Conservation of Small Landbirds
The small landbirds of Galapagos are famous worldwide for providing important clues about the processes of evolution. They are also essential to Galapagos ecosystems through their contribution to plant pollination, seed dispersal and many other ecological processes. In a race against time, Charles Darwin Foundation scientists and their collaborators are working hard to find ways to ensure that they are protected from the Avian Vampire Fly, Philornis downsi, an invasive parasitic fly that is threatening nearly every species of small landbird in the Galapagos Islands. The larvae of the Avian Vampire Fly feed on the blood of newly hatched birds often resulting in unsustainably high levels of mortality. This fly has been implicated in the rapid population declines of six species of the iconic Darwin’s finches, including the critically endangered Mangrove Finch. The impending threat that this fly poses to endemic landbirds has made this a conservation priority for the Galapagos National Park Directorate.
Our robust team of entomologists, ornithologists, and restoration specialists are working to develop holistic conservation plans for at-risk bird species using experimental and innovative approaches. As a temporary measure to protect the most vulnerable bird species, we are investigating environmentally friendly techniques to reduce the impact of the Avian Vampire Fly in bird nests. So far, injecting insecticides into the base of nests, where the blood-feeding larvae reside, has increased fledgling survival in situ in four threatened bird species, including the Little Vermillion Flycatcher (Fig. 1). For the hard-to-reach nests we are evaluating the use of the self-fumigation technique where birds help us do the work by taking material back to the nest which is impregnated with natural repellents or minimum-risk insecticides. Additionally, we are studying the potential of attractant odours from fermenting fruit, birds and flies (pheromones), as lures in fly trapping programs.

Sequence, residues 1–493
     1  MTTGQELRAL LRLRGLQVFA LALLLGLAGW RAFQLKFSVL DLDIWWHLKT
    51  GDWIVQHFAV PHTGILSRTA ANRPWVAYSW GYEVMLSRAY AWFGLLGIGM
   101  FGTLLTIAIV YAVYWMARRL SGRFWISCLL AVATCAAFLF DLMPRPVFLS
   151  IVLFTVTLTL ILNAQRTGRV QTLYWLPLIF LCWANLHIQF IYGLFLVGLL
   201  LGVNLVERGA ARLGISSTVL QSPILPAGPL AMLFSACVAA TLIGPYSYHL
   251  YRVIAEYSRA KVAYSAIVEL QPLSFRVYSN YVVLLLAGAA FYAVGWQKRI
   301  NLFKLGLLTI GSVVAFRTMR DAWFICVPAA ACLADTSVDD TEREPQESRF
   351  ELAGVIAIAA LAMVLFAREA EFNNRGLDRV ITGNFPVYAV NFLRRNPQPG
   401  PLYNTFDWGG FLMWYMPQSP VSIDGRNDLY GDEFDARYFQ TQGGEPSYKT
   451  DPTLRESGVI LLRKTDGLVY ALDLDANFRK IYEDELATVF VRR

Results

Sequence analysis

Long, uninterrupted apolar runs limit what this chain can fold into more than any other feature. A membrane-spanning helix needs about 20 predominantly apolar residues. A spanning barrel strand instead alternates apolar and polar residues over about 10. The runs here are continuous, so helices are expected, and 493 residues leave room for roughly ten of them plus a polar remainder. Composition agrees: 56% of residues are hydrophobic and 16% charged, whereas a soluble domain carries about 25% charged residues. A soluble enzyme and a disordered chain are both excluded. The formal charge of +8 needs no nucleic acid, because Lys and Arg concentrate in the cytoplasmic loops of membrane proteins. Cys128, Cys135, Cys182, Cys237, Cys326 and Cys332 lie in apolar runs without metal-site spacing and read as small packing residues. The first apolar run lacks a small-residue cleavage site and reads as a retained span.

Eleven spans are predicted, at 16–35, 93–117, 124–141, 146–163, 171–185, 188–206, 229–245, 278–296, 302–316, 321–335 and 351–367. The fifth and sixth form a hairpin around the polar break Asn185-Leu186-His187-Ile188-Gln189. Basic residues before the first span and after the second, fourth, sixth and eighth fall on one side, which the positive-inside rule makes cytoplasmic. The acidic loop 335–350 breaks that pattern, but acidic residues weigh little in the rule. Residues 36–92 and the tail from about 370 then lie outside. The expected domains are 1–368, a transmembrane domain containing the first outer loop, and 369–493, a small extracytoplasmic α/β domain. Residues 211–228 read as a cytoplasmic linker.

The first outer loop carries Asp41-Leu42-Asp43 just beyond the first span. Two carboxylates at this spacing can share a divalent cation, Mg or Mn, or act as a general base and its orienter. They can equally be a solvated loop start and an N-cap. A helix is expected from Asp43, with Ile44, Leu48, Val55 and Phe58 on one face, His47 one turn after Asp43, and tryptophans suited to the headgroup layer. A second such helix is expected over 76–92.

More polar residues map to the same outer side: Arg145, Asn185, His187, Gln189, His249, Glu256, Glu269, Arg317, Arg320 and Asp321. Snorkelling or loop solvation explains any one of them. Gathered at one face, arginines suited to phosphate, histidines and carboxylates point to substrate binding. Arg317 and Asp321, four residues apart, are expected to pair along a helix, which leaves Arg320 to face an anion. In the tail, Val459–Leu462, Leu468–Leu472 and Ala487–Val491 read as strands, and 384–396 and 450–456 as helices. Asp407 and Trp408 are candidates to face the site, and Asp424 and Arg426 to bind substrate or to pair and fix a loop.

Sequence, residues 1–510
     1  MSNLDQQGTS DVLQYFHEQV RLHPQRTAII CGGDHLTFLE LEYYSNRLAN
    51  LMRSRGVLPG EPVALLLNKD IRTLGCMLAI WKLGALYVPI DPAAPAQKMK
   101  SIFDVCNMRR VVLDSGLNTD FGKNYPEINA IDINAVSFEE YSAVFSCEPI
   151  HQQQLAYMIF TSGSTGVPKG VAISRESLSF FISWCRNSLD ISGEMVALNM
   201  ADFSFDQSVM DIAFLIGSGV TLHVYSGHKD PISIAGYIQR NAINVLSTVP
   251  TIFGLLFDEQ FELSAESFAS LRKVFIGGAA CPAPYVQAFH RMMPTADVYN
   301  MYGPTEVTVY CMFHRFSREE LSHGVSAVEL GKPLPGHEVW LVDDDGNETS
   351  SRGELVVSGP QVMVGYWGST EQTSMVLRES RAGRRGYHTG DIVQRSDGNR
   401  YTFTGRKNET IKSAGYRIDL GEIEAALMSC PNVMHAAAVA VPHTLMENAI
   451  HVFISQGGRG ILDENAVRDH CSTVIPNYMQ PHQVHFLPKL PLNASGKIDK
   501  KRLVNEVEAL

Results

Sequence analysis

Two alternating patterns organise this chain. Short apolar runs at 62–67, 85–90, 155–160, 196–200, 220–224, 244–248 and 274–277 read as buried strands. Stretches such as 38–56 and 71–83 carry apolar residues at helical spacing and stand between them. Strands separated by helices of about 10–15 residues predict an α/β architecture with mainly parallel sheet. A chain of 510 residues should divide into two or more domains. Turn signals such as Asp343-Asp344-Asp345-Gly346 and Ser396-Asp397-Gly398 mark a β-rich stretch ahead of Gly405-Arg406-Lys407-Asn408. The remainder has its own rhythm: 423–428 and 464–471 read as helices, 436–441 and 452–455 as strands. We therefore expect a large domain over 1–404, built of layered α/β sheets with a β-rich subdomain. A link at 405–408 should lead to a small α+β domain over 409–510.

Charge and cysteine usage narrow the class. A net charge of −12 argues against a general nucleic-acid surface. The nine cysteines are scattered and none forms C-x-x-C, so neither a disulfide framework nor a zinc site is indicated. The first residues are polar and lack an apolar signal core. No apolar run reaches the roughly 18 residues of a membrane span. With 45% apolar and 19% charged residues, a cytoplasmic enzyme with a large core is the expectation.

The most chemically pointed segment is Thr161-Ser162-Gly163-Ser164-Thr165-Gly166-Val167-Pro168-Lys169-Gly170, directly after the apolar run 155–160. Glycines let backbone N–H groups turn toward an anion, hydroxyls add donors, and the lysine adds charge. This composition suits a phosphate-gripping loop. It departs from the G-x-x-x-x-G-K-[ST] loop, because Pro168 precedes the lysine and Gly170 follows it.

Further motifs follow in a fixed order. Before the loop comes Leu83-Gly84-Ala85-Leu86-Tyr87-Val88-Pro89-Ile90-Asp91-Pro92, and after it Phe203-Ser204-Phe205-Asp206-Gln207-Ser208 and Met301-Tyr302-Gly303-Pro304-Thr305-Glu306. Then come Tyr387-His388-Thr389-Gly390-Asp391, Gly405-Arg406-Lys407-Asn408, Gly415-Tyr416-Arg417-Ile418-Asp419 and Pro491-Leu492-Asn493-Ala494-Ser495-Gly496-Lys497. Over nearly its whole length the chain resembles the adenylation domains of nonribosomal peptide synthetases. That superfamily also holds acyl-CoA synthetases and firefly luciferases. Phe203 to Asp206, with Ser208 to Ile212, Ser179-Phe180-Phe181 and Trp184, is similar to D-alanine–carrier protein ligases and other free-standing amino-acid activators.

In parallel, we are working on the development of larger scale, sustainable solutions that can significantly and permanently reduce or eliminate populations of P. downsi. The most promising of these is biological control, which involves the importation of a natural enemy that selectively targets the fly. We have just obtained government approval to conduct the last-needed studies on a parasitic wasp that seems to be a specialist natural enemy of P. downsi and in 2021 plan to import the wasp to Galapagos to test it against Galapagos insects. Biological control has been used previously and successfully in the Galapagos Islands by our team and is considered a safe and effective option for controlling environmental pests in hard-to-reach locations.
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